With words ending in vowels, you can eliminate ~이 and attach ~ㅂ니다 directly to the word. This is more commonly done in conversation, and not usually written.
When conjugating “아니다” in this respect, you must add “~ㅂ니다” directly to “아니다.” For example:
저는 의사가 아닙니다 = I am not a doctor
저는 학생이 아닙니다 = I am not a student
그것은 저의 직업이 아닙니다 = That (thing) is not my job
그것은 저의 여권이 아닙니다 = That (thing) is not my passport
그 건물은 극장이 아닙니다 = That building is not a theater
이다 Past Tense
Conjugating 이다 to the past tense is simple, and is done by connecting ~이 to ~었~. When the last syllable in a word ends in a vowel, ~이 + ~었 can combine to make ~였.
Informal Low Respect
Add ~이었어 to all words. If the word ends in a vowel, ~이었어 can contract to ~였어.
나는 바쁜 선생님이었어 = I was a busy teacher
나는 학생이었어 = I was a student
나는 선생님이었어 = I was a teacher
나는 나쁜 애기였어 = I was a bad baby
나는 나쁜 의사였어 = I was a bad doctor
Informal High Respect
This conjugation is the same as above (Informal Low Respect), except for that “~요” is added to the end of ~이었 or ~였. That is, you should add ~이었어요 to all words. If the word ends in a vowel, ~이었어요 can contract to ~였어요.
그것은 큰 비밀이었어요 = That was a big secret
저는 선생님이었어요 = I was a teacher
저는 의사였어요 = I was a doctor
저는 나쁜 애기였어요 = I was a bad baby
Same as above, but you should add the regular “~다” ending instead of “~요.” That is, you should add ~이었다 to all words. If the word ends in a vowel, ~이었다 can contract to ~였다.
나는 선생님이었다 = I was a teacher
나는 의사였다 = I was a doctor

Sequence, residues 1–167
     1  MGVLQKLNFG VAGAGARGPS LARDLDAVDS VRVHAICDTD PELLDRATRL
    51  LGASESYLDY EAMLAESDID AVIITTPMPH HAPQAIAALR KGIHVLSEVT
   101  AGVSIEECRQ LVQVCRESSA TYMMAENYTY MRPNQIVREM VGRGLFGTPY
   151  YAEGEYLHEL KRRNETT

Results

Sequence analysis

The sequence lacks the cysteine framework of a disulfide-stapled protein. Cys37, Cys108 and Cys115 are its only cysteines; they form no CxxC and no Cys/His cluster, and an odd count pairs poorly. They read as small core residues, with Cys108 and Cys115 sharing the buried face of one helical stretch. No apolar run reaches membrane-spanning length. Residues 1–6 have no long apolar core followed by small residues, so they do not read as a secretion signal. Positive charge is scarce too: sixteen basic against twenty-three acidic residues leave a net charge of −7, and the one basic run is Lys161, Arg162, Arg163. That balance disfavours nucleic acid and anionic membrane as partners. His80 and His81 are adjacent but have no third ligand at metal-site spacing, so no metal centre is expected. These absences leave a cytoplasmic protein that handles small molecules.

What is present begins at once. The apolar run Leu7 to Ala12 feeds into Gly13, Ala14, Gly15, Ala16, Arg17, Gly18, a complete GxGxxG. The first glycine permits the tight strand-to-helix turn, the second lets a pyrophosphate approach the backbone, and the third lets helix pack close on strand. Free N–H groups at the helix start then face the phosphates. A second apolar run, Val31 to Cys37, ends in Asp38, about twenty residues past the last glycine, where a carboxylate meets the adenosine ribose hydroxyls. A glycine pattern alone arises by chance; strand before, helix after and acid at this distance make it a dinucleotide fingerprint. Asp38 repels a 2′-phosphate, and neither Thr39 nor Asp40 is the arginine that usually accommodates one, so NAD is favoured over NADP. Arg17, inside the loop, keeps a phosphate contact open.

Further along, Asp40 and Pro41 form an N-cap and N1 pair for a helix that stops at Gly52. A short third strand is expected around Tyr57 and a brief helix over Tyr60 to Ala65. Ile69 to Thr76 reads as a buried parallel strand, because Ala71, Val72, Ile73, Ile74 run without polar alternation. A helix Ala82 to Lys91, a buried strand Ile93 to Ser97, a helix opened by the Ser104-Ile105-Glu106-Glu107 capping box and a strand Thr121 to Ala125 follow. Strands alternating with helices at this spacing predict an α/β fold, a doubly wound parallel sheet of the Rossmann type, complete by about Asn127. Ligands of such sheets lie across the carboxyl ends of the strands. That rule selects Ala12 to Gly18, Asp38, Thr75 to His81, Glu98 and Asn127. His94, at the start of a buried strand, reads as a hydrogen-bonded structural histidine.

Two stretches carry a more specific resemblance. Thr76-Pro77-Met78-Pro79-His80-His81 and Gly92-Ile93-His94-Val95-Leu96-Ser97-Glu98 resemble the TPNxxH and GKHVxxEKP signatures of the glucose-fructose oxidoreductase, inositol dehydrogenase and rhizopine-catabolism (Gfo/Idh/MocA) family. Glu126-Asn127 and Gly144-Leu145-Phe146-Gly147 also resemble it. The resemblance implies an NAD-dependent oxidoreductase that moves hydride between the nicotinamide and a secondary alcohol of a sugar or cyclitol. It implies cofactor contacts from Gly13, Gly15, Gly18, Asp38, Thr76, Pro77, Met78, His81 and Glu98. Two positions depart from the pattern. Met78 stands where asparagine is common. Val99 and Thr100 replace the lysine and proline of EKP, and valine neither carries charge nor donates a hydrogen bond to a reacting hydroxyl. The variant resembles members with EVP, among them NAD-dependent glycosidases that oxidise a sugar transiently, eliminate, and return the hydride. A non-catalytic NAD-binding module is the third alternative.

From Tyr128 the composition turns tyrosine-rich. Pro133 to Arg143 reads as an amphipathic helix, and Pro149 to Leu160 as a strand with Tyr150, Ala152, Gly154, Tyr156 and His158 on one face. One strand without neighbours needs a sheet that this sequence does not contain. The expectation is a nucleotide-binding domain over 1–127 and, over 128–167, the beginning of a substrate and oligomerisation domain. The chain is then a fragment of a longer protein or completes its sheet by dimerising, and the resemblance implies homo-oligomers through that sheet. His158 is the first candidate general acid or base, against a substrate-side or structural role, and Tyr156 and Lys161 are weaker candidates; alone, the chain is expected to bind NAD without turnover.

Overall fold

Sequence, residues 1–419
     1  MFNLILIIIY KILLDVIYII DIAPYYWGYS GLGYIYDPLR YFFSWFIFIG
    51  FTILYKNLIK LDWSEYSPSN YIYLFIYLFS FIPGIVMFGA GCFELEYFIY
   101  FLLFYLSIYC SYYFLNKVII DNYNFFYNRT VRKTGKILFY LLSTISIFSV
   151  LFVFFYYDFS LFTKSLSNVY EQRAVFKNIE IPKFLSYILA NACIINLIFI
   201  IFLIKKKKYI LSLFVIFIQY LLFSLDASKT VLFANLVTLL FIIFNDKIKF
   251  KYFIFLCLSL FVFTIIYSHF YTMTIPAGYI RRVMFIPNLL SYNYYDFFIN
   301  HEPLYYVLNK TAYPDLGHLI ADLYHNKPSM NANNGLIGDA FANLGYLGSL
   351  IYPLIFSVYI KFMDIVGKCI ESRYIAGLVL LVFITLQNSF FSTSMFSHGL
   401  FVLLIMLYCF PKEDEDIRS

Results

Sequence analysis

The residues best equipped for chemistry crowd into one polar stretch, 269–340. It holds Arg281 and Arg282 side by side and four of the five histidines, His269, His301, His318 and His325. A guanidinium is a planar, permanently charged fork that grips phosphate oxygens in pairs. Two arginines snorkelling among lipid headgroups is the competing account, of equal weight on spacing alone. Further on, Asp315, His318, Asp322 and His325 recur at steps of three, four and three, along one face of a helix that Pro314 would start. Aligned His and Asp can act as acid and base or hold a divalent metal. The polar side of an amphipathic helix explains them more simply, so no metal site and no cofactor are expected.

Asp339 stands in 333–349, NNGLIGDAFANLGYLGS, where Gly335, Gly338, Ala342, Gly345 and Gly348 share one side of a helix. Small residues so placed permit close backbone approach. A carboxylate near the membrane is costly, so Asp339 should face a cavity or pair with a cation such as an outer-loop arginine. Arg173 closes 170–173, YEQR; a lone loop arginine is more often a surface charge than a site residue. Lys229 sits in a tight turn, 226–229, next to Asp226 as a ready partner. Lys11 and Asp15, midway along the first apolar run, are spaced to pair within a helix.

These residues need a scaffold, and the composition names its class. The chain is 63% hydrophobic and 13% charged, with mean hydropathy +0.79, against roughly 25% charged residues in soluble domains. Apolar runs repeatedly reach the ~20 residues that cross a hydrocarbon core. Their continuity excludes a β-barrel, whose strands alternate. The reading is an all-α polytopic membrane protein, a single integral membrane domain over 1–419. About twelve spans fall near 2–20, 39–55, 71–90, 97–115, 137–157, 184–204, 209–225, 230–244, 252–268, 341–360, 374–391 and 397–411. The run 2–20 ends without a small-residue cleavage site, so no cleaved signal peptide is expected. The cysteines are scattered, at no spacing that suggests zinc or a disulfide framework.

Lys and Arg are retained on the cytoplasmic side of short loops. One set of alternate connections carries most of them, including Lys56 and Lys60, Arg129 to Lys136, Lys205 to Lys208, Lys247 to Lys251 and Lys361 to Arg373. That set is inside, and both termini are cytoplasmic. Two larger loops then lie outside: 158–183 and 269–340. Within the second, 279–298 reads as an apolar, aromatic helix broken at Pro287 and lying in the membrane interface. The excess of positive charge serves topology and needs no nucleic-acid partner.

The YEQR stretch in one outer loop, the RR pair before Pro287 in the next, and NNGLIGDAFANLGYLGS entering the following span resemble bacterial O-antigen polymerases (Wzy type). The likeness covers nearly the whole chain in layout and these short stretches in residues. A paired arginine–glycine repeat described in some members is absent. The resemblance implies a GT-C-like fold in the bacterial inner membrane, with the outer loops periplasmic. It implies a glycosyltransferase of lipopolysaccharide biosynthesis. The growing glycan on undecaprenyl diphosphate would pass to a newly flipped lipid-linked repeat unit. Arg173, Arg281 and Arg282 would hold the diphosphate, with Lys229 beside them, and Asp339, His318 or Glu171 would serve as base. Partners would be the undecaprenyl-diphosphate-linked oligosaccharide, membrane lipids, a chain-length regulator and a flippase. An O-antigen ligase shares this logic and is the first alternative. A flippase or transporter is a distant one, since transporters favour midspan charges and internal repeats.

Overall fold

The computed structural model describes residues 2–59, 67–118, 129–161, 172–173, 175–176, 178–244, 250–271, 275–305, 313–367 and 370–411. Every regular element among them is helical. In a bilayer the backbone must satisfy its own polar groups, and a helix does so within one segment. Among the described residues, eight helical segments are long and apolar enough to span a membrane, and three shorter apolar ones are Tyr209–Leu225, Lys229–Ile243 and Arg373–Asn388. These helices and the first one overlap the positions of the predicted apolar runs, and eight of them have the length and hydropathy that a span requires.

Formal High Respect
add ~이었습니다 to all words. If the word ends in a vowel, ~이었습니다 can contract to ~였습니다다.
저는 선생님이었습니다 = I was a teacher
저는 의사였습니다 = I was a doctor
In all situations in the past tense, 아니다 is conjugated just like any other word. An example of each respect:
나는 학생이 아니었어
나는 학생이 아니었다
저는 학생이 아니었어요
저는 학생이 아니었습니다
The weird thing is that Korean speakers sometimes would use these:
나는 학생이 아니였어
나는 학생이 아니였다
저는 학생이 아니였어요
저는 학생이 아니였습니다
Just going by the rules of the language, I’d have to assume that the first set is correct. I base this on the fact that in no other word do we add “~였~” to a stem. In other words, “~였~” is created from “이 + 었,” but it is never added as a stand-alone thing.
How to actually conjugate verbs/adjectives to the Future Tense
In Lesson 6, you learned how to conjugate words to the future tense by adding 겠어/겠어요/겠다/겠습니다 to the word stem. Though adding ~겠~ to a word stem is one way to conjugate words to the future, there is a more common way to conjugate to do this!
Before learning how to do to this, you needed to learn more grammar first (namely, how to conjugate 이다 properly). Either way, ~겠~ is still used in Korean, but not as much as the method you are about to learn.
For verbs or adjectives, when conjugating into the future tense, you must first add ~ㄹ/을 to the stem of the word.
When you add ~ㄹ/을 to a word stem, ~ㄹ gets attached directly to stems ending in a vowel, and ~을 gets added onto stems ending in a consonant. For example: